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How to farm pomegranates


(The Genuine Californian Wonderful)

The leading commercially produced cultivar in the world due to its natural resistance to adverse conditions and high yield potential.

Colour: Bright Red Variety | Size: 500g/fruit | Sweet Sour type with relatively hard seeds | Harvest: late (area dependent) | Juice & Aril extraction rates are 30-35% by total weight | Brix: 16.5%
(Originates from Azerbaijan)

In taste tests in Australia, Azerbaijani was preferred in the high-yielding segment.

Colour: Pink Variety | Size: 400g/fruit | Sweet type with large arils and softer seeds | Harvest: early | Aril and juice extraction ratios are 40-50% by total weight | Brix: 18%

Trials on Riverside Nursery are currently underway for more information on this relatively unknown variety.

Colour: Pink Variety | Size: 300-400g/fruit | Sweet type with soft seeds | Harvest: early

We believe that multipurpose cultivars should be planted, so that the first fruits in the season can be packed whole for either the export or domestic market.  Thereafter the fruit can be used in aril extraction. Fruit which has split or has some internal breakdown can go for juicing.

Poms are adapted to a wide range of climates from subtropical to Mediterranean areas with cool winters and hot summers and are hardy down to -11degC

All varieties will benefit from a rest period or dormancy, but the majority of cultivars do not require winter chill hours.  Trees are more susceptible to frost damage prior to reaching full dormancy in autumn and at bud break in the spring.  The bark is the most susceptible. Painting bark with white pvc paint will reduce the fluctuations between day and night temperatures.

Trees are drought tolerant, but irrigation is necessary during tree establishment and critical for commercial fruit production.

Sun exposure & air circulation are also important.  Pomegranates need at least 6hrs of direct sunlight a day to ensure good fruit colour & productivity.  Orchard rows aligned North-South will maximize sun exposure.

Pomegranates perform best on deep loamy soil, but do fairly well in sandy and light clay soils.  Pomegranates prefer well drained soils.  Extended periods of excess moisture will harm the tree.

Trees grow best in a pH range of 6.5. – 7.5.

Pomegranates are moderately tolerant to salts and can withstand irrigation with water containing 2000 – 2500 ppm salt.

A sound orchard practise is to row rip the soil to a depth of one metre and create a ridge before planting. One can make a small basin around the tree

Digging of plant holes: Dig holes a minimum of +-500mm x 500mm x 500mm (deep). If the soil hasn’t been ripped consider digging the holes double this size.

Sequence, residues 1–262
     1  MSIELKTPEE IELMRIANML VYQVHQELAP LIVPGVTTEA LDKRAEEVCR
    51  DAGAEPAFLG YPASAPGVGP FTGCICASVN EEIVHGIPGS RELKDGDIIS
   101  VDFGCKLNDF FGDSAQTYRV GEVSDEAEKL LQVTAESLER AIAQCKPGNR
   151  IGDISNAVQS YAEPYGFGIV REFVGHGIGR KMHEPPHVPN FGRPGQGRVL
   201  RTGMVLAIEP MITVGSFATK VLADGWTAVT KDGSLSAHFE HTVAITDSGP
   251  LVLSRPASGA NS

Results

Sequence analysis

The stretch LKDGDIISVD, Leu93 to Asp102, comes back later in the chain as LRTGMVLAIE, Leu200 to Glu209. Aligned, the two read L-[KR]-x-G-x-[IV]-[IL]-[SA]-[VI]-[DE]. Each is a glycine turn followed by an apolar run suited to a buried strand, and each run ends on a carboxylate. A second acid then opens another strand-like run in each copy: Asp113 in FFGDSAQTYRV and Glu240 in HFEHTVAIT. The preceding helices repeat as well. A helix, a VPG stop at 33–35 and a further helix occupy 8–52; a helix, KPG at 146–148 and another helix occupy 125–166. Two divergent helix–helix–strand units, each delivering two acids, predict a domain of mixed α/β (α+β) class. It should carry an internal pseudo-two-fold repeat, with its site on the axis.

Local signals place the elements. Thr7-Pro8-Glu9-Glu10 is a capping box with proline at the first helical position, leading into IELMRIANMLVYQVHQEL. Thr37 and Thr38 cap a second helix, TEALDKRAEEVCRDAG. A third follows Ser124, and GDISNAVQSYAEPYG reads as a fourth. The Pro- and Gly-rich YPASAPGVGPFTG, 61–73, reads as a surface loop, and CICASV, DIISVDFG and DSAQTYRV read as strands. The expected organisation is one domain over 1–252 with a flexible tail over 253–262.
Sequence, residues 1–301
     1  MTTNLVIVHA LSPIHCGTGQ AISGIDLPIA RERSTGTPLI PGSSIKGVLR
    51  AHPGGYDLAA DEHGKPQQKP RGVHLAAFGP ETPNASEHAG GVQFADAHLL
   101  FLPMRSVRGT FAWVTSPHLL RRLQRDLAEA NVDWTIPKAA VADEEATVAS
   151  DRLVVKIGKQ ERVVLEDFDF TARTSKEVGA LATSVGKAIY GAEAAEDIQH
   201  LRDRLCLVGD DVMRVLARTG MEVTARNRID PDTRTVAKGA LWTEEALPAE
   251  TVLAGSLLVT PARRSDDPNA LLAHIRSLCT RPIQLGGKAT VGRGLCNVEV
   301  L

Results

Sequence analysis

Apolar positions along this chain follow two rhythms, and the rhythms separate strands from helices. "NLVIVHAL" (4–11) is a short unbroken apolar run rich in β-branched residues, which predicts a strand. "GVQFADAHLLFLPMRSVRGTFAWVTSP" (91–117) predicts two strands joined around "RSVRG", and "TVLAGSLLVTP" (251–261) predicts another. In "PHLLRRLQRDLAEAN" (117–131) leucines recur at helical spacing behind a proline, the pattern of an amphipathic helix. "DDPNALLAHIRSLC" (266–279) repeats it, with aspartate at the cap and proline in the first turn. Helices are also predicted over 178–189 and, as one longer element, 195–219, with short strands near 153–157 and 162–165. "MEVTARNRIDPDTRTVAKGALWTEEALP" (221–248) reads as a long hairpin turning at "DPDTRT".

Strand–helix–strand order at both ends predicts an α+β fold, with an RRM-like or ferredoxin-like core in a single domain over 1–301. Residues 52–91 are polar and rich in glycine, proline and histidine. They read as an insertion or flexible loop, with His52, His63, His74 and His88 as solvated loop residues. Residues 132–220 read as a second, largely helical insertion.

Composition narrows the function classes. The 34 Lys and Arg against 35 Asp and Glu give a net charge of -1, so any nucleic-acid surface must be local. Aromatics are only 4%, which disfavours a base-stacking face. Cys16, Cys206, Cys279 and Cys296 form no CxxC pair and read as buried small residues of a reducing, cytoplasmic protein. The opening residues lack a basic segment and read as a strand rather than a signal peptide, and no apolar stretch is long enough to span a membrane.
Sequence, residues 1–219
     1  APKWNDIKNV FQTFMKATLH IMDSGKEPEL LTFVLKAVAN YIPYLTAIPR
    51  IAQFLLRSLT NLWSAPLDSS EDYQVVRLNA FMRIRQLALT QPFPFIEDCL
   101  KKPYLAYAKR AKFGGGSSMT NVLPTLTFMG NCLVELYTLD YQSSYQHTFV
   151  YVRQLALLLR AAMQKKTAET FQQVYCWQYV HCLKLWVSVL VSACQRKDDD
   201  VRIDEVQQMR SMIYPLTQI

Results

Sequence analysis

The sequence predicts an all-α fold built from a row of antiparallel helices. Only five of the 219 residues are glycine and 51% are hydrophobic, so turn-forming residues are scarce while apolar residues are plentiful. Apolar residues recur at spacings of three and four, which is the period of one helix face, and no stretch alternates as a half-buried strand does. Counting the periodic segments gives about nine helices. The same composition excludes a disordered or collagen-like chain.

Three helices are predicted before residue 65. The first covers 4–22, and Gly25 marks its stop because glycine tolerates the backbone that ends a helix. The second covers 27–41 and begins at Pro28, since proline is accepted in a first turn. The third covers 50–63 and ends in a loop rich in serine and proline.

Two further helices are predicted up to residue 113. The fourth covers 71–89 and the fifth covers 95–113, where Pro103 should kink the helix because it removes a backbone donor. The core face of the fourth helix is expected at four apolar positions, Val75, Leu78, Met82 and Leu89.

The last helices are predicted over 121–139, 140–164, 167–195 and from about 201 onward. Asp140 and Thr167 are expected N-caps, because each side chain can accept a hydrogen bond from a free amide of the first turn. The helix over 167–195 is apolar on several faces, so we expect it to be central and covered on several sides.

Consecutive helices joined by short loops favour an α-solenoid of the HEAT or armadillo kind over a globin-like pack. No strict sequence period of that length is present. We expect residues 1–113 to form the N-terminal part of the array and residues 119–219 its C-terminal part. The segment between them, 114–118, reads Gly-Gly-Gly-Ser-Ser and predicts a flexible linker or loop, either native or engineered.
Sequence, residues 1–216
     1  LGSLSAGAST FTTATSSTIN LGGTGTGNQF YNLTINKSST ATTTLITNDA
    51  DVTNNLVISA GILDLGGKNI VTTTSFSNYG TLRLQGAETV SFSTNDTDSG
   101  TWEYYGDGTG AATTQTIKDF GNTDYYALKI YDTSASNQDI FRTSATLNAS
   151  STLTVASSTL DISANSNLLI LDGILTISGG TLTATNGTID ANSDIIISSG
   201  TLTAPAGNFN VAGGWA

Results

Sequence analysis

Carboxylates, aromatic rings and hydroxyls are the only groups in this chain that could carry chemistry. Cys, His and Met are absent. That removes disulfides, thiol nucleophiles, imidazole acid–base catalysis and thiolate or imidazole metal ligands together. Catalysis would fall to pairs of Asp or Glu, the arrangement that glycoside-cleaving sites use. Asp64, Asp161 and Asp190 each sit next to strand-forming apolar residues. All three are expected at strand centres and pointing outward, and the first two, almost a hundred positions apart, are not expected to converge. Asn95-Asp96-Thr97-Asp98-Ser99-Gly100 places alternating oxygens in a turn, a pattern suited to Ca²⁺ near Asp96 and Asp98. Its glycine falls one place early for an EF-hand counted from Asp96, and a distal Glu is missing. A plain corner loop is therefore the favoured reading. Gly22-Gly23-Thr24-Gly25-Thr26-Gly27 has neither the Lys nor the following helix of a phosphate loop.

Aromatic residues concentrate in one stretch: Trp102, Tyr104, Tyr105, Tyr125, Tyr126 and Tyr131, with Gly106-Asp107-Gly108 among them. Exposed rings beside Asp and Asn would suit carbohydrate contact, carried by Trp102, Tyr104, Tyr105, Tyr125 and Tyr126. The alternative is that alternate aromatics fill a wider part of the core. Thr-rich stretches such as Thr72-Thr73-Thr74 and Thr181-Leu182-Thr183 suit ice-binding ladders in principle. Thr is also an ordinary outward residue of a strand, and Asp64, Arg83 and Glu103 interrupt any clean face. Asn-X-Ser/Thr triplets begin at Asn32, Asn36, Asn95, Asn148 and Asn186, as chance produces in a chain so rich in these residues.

To enable rapid establishment, all other vegetation should be removed within a 300-600 mm of the young trees. Grass can be removed with a weed killer and followed by organic mulching to prevent weed and grass competition as well as to conserve soil moisture. Ensure that ants and termites are dealt with prior to planting

It is advisable that an irrigation system is put in place before planting.

Plants are best planted from spring through to February. Do not expose the roots to sunlight or dry conditions during planting

Based on the results of a soil analysis one can add 200-400 grams of superphosphates to the planting hole, carefully mixed in with the topsoil. Never allow the roots of young trees to come in direct contact with the concentration of freshly applied phosphate fertiliser. No further fertiliser should be applied during the first 4-6 weeks after planting.

As the trees are container-grown in soil less medium, it is best to shake the trees so that only 20% of the potting medium is left on the root ball so as to expose the peripheral roots to the soil. Such trees should commence growth soon after planting. Post planting; fill the basin with water as it will eliminate any air pockets in the planting hole.

In areas where one can expect heavy frost conditions during planting time, it is advisable to wait until conditions improve before planting. Frost can cause extensive damage to trees, and in some areas it will be necessary to cover the planted trees, to protect them from severe frost conditions.

Planting distances: We recommend distances like 4x3m (833 trees per hectare) or 5x3m (666 trees per hectare). Whilst some producers are planting 1000 trees per ha, 3×3 metres or 5x2m and even experimenting with planting of 1600 trees per ha.

Although a very drought tolerant plant, ensuring adequate soil moisture will result in a faster growing pomegranate plant and increased fruit yield.

Drip irrigation is preferred, with a dripper placed on each side of the tree.  Overhead sprays will encourage the spread of field pathogens and will reduce fruit set as flowers are very sensitive to humidity and moisture.

Irrigation management is essential between flowering and fruit ripening, as moisture stress leads to flower and fruit drop and fruit cracking at maturity

Fruit will mature from February to April. Commercial harvesting normally starts in the 4rd year, approx. 10 -12 kg fruit per tree, increasing to 15 – 18 kg in year 5; and 18-25 kg in year 6, reaching towards 40-60 kg at maturity (cultivar dependant).

The pomegranate has similar storage properties to the apple in having a long storage life. It is best maintained at a temperature of 0º-5ºC and may be kept for a period of 3-5 months within this temperature range and at 80 to 85% relative humidity, without shrinking or spoiling.